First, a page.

Location: Sugarcane Research Unit
Title: Seasonal timing of glyphosate ripener application affects sugarcane’s response in Louisiana Authors
|Richard Jr, Edward|
Submitted to: American Society of Sugar Cane Technologists
Publication Type: Abstract Only
Publication Acceptance Date: April 6, 2011
Publication Date: June 10, 2011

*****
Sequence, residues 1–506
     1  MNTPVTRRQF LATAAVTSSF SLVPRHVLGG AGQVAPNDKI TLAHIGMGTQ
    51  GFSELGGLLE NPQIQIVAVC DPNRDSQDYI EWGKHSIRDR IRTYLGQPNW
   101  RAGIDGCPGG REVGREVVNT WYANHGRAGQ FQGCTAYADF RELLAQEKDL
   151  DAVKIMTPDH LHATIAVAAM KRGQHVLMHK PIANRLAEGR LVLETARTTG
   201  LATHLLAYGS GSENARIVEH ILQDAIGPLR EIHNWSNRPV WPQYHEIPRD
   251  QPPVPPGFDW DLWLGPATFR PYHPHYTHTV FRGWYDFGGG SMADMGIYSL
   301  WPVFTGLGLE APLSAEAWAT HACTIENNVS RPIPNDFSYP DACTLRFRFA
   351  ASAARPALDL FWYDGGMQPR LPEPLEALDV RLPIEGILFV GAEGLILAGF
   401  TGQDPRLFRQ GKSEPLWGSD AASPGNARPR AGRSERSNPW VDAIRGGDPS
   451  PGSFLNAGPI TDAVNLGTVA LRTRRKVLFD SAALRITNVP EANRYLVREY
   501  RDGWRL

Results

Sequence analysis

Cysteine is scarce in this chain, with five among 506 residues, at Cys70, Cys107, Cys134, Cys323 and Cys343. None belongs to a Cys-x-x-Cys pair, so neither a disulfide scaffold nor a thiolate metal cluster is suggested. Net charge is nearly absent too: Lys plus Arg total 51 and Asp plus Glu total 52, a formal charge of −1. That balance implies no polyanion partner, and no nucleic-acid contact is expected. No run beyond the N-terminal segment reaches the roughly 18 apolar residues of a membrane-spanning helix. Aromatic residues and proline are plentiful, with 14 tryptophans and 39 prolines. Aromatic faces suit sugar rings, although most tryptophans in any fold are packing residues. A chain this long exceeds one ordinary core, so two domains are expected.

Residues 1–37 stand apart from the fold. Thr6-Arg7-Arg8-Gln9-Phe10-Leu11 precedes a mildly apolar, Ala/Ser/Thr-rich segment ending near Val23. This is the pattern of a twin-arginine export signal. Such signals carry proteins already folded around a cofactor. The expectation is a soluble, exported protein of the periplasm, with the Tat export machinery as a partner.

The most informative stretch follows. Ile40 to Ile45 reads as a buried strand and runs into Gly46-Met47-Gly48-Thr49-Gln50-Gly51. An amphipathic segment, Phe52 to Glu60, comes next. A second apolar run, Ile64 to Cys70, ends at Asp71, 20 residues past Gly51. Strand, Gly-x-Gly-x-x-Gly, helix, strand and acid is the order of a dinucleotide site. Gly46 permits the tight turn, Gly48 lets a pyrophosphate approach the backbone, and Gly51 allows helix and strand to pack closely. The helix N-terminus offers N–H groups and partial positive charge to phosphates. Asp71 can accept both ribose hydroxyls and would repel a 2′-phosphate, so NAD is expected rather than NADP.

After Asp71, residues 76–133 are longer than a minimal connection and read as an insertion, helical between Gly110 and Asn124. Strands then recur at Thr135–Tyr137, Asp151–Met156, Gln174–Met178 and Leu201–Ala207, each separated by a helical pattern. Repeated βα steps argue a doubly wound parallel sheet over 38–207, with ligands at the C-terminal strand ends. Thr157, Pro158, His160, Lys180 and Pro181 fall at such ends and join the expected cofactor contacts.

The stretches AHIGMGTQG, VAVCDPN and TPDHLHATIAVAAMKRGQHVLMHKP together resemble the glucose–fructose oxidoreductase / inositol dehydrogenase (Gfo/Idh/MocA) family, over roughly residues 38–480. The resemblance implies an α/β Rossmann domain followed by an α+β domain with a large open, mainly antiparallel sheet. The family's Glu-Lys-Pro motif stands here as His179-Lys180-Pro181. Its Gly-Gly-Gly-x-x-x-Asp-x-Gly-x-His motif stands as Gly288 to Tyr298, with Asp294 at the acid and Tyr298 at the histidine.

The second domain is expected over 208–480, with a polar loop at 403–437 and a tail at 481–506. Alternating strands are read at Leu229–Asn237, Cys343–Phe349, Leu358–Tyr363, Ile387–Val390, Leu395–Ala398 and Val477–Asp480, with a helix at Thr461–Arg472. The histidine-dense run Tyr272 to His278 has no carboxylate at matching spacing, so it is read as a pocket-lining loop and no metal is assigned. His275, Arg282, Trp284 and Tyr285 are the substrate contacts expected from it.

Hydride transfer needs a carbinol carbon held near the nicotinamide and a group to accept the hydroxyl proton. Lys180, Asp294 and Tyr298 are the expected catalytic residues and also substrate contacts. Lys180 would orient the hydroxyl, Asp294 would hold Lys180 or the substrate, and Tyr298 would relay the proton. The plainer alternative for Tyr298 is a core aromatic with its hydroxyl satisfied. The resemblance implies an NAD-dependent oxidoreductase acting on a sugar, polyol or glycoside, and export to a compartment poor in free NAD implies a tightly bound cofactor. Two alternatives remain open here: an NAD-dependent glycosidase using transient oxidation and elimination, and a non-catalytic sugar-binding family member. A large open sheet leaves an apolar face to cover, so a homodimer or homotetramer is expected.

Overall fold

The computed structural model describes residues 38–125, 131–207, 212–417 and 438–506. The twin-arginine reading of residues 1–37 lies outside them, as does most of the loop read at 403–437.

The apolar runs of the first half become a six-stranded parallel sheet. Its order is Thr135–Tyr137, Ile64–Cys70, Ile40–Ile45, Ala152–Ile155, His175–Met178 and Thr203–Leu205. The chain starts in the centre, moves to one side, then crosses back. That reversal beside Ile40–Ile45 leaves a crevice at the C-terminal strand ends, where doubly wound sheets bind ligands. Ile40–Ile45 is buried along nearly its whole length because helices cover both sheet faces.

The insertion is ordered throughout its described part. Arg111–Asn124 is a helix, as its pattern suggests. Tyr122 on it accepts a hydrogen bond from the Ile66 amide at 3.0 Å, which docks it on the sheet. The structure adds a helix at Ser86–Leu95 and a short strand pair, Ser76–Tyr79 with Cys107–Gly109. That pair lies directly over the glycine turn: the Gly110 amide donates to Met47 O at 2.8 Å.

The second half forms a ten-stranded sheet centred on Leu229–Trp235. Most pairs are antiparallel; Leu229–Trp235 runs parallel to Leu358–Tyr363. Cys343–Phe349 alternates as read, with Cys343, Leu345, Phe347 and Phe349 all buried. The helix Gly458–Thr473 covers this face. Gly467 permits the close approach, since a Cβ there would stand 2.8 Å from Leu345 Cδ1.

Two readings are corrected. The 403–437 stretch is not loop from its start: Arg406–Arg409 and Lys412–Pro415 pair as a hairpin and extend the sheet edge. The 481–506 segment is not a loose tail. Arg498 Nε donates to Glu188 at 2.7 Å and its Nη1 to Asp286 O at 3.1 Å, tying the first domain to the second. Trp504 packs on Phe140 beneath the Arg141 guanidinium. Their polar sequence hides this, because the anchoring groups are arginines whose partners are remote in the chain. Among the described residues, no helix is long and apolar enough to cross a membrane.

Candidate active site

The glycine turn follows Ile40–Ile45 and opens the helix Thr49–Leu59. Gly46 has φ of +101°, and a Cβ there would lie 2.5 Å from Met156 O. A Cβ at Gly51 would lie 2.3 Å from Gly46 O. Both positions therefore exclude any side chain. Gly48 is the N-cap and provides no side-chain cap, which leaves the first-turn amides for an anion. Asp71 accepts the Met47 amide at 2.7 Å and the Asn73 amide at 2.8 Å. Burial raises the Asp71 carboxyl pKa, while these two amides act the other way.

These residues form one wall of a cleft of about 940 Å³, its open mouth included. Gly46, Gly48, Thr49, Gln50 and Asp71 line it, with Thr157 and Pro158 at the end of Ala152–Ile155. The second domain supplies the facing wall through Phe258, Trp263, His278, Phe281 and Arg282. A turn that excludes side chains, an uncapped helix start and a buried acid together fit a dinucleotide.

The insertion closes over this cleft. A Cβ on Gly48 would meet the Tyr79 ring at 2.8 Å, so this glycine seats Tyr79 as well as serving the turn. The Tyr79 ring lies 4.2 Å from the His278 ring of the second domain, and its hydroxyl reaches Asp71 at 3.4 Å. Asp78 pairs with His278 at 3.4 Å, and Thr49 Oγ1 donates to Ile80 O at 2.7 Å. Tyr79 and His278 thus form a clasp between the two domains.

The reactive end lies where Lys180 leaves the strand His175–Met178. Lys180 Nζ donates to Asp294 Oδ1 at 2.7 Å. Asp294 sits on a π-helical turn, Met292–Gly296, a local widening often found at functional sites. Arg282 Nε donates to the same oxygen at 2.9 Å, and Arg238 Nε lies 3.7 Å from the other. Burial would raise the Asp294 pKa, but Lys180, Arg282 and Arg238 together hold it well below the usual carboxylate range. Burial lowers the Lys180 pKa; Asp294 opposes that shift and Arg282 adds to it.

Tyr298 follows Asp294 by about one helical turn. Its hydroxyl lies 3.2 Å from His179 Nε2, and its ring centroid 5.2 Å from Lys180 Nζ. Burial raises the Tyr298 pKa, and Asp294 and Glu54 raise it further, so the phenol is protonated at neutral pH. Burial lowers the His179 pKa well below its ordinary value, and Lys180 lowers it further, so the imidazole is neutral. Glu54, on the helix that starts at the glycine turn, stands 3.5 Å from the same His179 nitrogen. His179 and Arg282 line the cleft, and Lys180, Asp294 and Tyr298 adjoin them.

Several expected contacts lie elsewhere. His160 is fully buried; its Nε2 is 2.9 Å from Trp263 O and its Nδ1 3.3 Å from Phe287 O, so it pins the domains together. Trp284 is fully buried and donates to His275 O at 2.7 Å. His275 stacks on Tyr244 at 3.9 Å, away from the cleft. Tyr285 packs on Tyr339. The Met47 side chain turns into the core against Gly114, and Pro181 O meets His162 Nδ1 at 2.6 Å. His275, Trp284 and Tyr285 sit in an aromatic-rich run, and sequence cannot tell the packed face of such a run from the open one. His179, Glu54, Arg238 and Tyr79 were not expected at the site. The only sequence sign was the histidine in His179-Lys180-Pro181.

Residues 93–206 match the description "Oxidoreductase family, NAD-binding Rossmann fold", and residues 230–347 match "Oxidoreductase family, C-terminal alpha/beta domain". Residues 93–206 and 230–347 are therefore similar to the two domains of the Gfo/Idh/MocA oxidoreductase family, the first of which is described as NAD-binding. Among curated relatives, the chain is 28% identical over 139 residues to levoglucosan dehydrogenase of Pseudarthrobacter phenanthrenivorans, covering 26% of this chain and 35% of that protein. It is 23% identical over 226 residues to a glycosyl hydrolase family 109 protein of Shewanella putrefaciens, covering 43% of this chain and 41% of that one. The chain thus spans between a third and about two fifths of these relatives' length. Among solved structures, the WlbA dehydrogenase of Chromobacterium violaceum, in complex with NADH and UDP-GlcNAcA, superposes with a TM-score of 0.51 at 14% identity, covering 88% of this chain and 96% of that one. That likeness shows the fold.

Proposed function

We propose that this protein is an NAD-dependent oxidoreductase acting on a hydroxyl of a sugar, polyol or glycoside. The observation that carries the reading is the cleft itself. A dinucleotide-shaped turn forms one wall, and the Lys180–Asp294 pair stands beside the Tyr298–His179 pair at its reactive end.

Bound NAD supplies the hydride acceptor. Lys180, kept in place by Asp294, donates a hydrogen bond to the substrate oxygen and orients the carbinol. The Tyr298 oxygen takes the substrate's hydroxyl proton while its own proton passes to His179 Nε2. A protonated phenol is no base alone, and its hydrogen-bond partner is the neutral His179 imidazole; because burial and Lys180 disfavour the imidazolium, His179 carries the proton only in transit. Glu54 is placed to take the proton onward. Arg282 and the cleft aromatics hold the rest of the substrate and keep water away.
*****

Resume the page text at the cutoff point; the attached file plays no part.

Citation: Dalley, C.D., Richard Jr, E.P. 2011. Seasonal timing of glyphosate ripener application affects sugarcane’s response in Louisiana [abstract]. Journal of the American Society of Sugar Cane Technologists. 31:69. Available: http://assct.org Technical Abstract: Glyphosate is applied as a ripener to ratoon sugarcane in Louisiana to increase theoretically recoverable sugar (TRS) in harvested sugarcane. While glyphosate is applied as a ripener throughout the harvest season, recommendations for these applications have been based primarily on the response of sugarcane to ripener applied early in the harvest season (August or September). In order to improve recommendations for these ripener applications, experiments were conducted in 2006, 2007, and 2009 to measure the response of sugarcane to ripener applications throughout the harvest season. Beginning in mid-August, glyphosate (0.2 kg/ha) was applied to a commercial sugarcane field four times during the harvest season, with applications at four-week intervals and were compared to non-treated sugarcane. Plot size was two 1.8m wide rows and 15 m long with six replications of each treatment and were arranged in a split-plot design. Sugarcane ‘HoCP 96-540’ was hand-harvested at four, five, six, and seven weeks after treatment (WAT). Fifteen consecutive stalks were cut from a random location within each plot and weighed to determine average stalk weight. Five of these stalks were randomly selected to determine whole stalk response to ripener application. The remaining 10 stalks were divided into thirds to measure response based on location within stalk. These divisions are termed bottom (the four basal nodes of each stalk), middle (the next four internodes), and top (the remaining internodes). At 7 WAT, plots were harvested using a chopper harvester to determine plot weights and stalk piece (billet) samples were collected from each plot. All samples were processed using the core/press method, with TRS being determined from Brix, Pol, and fiber measurements. Averaged for the three years of this study, glyphosate applied in mid-August increased whole-stalk TRS by 21% compared to the non-treated control. Glyphosate applied four weeks later (early-September) increased whole-stalk TRS by 11%. Applications made another four weeks later (early-October) increased TRS 8%. There was no increase in TRS when the final glyphosate application was made in either late-October or early-November. The greatest increases in TRS were observed in the top of the stalk with increases as much as 50% when glyphosate was applied in mid-August. While there was no significant increase in whole-stalk TRS for the last glyphosate application, there was a 3% increase in TRS in the tops of these stalks. Even while the greatest increases in TRS were seen in the top portion of the sugarcane stalk, increases were also observed in the middle and bottom of the stalk where internodes were generally considered to be mature. For applications made in mid-August, TRS increased 13 and 19%, respectively, for the bottom and middle stalk portions. Treatment to harvest intervals did not affect the percent increase in TRS appreciably. Glyphosate applied in mid-August increased TRS 20, 24, 20, and 21%, respectively, for harvests at 4, 5, 6, and 7 WAT. Stalk weights were reduced by 8 and 9%, respectively, at the 6 and 7 WAT harvest dates when glyphosate was applied in mid-August, but not at earlier harvest dates. When glyphosate was applied in early-September, stalk weight was reduced 11% only at the 7 WAT harvest. Stalk weight was not reduced at the later glyphosate application dates. Gross cane yields at 7 WAT were reduced 7 and 12%, respectively, when glyphosate was applied in mid-August or early-September, but yield was not reduced with later applications. Glyphosate increased sugar yields 13% when applied in mid-August and 8% when applied in early-October, but neither increased nor decreased sugar yields when applied in either early-September of early-November. For applications made in early-September, all gains in TRS were offset by losses in tonnage. This study showed that glyphosate can be used to effectively increase TRS levels in harvested sugarcane through three-quarters of the harvest season. While the increase in TRS was greatest early in the harvest season, applications made in the middle of the season also increased TRS. As sugarcane is still actively growing in August and September, and the percent increase in TRS is similar when harvested at 4 or 7 WAT, perhaps utilizing a treatment to harvest interval of 4 or 5 weeks would further increase sugar yields for cane harvested in the first third of the harvest season. This would allow the sugarcane to increase in tonnage and maturation prior to glyphosate application. With no response to glyphosate applications made in late-October or early-November to cane scheduled for harvest in the latter third of the harvest season, it would not be recommended to continue applications beyond the middle of October.